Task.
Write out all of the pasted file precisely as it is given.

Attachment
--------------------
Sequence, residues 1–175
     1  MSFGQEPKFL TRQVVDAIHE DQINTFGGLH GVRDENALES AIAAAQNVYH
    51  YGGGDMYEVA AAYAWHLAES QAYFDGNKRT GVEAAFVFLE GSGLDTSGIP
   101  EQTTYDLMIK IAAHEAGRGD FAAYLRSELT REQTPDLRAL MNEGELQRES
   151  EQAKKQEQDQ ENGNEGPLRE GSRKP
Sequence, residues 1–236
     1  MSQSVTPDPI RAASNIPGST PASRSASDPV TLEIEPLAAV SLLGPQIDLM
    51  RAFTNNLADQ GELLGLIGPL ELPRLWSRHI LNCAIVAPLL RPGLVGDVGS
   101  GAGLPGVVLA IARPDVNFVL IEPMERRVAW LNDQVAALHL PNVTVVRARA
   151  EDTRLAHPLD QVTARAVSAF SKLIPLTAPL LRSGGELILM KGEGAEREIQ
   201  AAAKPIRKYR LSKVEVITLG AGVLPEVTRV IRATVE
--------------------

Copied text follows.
Sequence, residues 1–175
     1  MSFGQEPKFL TRQVVDAIHE DQINTFGGLH GVRDENALES AIAAAQNVYH
    51  YGGGDMYEVA AAYAWHLAES QAYFDGNKRT GVEAAFVFLE GSGLDTSGIP
   101  EQTTYDLMIK IAAHEAGRGD FAAYLRSELT REQTPDLRAL MNEGELQRES
   151  EQAKKQEQDQ ENGNEGPLRE GSRKP
Sequence, residues 1–236
     1  MSQSVTPDPI RAASNIPGST PASRSASDPV TLEIEPLAAV SLLGPQIDLM
    51  RAFTNNLADQ GELLGLIGPL ELPRLWSRHI LNCAIVAPLL RPGLVGDVGS
   101  GAGLPGVVLA IARPDVNFVL IEPMERRVAW LNDQVAALHL PNVTVVRARA
   151  EDTRLAHPLD QVTARAVSAF SKLIPLTAPL LRSGGELILM KGEGAEREIQ
   201  AAAKPIRKYR LSKVEVITLG AGVLPEVTRV IRATVE